Azara Blog: Captive species not fit for survival in the wild

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Date published: 2007/10/05

The BBC says:

Animals bred in captivity to help conservation programmes can quickly become less fit for survival in the wild, research suggests.

US scientists found steelhead trout reared in hatcheries were much less good at reproducing than wild fish.

Writing in the journal Science, they say the use of captive breeding needs careful re-consideration.

For some animals, such as amphibians, captive breeding is being used more and more as wild habitats disappear.

"This study proves with no doubt that wild fish and hatchery fish are not the same, despite their appearances," said Michael Blouin of Oregon State University in Corvallis, US, who oversaw the research.

Steelhead populations in rivers along the US west coast are listed as threatened or endangered by the US Fish and Wildlife Service. Captive breeding and release is one of the measures being used to safeguard numbers of a fish that is much prized by anglers.

The Oregon State team had previously shown that first-generation captive-reared steelhead were just as successful reproductively as their wild-reared relatives, producing just as many young.

In the new study, they compared the success of fish hatched from two captive-bred parents with those possessing one captive-bred and one wild parent.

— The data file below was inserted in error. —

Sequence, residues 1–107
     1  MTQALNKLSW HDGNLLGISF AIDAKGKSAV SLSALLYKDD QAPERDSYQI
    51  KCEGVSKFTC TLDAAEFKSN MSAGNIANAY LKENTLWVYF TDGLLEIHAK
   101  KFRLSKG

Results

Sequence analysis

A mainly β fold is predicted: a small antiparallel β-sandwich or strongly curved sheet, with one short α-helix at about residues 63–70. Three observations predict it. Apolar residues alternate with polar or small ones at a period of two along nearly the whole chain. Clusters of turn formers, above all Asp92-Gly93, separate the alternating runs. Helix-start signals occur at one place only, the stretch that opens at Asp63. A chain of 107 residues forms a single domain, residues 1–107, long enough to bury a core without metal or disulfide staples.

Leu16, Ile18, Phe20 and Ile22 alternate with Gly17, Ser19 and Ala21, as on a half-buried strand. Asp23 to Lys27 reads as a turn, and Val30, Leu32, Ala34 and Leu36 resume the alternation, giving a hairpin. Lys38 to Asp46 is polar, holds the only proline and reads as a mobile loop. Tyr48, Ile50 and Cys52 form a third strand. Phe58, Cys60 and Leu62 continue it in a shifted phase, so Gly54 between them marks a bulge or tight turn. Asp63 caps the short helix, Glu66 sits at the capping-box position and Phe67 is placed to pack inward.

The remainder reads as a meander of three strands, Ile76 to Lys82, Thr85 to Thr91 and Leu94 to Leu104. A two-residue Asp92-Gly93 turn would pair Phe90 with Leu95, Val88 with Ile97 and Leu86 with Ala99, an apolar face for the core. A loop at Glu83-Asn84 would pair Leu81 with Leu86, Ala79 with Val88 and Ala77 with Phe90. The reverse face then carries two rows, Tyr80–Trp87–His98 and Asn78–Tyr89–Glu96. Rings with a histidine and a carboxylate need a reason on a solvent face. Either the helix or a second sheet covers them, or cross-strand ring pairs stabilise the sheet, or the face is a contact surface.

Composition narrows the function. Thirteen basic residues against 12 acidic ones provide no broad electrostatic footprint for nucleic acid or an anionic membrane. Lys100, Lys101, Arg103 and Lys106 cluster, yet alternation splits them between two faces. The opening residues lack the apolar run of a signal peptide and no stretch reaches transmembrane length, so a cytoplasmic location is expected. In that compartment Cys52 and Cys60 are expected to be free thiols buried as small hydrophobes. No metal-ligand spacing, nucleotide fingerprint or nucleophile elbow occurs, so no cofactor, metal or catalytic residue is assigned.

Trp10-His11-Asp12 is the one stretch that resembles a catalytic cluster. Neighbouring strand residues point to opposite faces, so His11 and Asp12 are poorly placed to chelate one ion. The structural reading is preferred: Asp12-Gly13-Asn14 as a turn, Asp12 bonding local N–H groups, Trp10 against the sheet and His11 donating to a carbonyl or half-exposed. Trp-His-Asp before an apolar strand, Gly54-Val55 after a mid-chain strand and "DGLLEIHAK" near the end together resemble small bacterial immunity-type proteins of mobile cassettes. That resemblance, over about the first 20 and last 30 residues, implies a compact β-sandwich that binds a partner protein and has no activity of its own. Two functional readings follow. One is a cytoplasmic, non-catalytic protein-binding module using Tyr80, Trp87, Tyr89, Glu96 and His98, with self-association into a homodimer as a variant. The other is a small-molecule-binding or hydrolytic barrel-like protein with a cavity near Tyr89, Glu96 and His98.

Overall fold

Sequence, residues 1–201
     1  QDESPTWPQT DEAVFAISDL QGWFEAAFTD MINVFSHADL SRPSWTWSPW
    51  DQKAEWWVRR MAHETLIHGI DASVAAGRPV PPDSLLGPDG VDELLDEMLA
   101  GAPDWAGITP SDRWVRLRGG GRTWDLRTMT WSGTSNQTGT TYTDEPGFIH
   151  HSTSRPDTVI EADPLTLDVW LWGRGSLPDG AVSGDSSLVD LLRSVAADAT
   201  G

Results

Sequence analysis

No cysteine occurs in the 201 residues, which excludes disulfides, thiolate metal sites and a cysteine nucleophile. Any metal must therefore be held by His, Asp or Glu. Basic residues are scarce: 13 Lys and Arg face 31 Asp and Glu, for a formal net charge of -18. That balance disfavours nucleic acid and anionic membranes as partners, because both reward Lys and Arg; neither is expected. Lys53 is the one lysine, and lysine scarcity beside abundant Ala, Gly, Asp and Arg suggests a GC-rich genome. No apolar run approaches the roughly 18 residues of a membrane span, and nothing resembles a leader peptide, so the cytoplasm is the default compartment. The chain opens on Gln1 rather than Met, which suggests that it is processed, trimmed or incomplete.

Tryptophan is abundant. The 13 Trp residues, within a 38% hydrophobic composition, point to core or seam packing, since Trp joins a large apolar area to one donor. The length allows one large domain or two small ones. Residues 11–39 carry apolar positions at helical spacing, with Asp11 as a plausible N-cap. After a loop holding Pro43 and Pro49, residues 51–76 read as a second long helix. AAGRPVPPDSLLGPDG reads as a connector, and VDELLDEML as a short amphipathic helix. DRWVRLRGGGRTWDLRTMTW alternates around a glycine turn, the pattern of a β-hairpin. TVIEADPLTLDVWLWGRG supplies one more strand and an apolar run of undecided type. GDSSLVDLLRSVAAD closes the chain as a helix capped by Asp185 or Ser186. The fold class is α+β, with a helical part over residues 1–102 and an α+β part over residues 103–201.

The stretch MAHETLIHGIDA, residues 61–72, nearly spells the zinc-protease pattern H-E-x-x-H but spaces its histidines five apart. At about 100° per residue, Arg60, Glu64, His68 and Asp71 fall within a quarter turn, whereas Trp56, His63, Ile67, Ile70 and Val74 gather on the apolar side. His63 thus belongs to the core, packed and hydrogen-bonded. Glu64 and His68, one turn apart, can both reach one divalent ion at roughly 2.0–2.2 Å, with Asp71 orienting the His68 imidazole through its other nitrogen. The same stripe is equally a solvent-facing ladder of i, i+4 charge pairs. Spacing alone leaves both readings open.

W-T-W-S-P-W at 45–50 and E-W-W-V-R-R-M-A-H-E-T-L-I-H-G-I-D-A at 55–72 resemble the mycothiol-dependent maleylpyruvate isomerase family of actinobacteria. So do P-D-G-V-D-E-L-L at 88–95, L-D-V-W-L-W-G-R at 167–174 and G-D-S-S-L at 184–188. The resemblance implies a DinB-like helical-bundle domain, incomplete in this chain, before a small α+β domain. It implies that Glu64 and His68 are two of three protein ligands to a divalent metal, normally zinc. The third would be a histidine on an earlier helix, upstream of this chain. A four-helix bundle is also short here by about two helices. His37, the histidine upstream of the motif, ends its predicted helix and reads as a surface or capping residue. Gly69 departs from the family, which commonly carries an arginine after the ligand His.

The results were startling, with the first group about 40% less successful than the second.

"For fish to so quickly lose their ability to reproduce is stunning; it's just remarkable," said Professor Blouin. "If it weren't our own data, I would have difficulty believing the results."

Hatchery programmes for steelhead and other salmonids (species within the salmon family) release more than five billion juvenile fish into Pacific waters each year. So if captive breeding does result in fish markedly less fit and less able to reproduce in the wild, the implications could be significant.

"It's very interesting, and it's not unexpected, it complements what we and other research groups have found for other salmonids," commented Dr Phil McGinnity from the Marine Institute of Ireland.

"The fish are kept in captivity; in domestication, which is basically selection for life in the hatcheries, and in addition relaxation of selection for traits important for life in the wild," he told the BBC News website.

"With wild Atlantic salmon, within two or three months about 90% of the eggs or the fry are dead, so you can imagine that's a large selective effect; whereas in the hatcheries, everybody gets to live, so traits that would quickly be rooted out in the wild are able to survive in the hatcheries. So we're building in that maladaptedness."

As natural habitats disappear, conservationists working on a wide range of species are looking to captive breeding as a bridge to long-term survival.

It is being actively pursued by amphibian specialists, for example.

This is an obvious problem, and everybody who is involved with such schemes must know the risks, even if for political (i.e. fundraising) reasons these problems are swept under the rug. In the same way, botanic gardens do not really preserve wild-type copies of the species they have, because the environment is (normally way) different.

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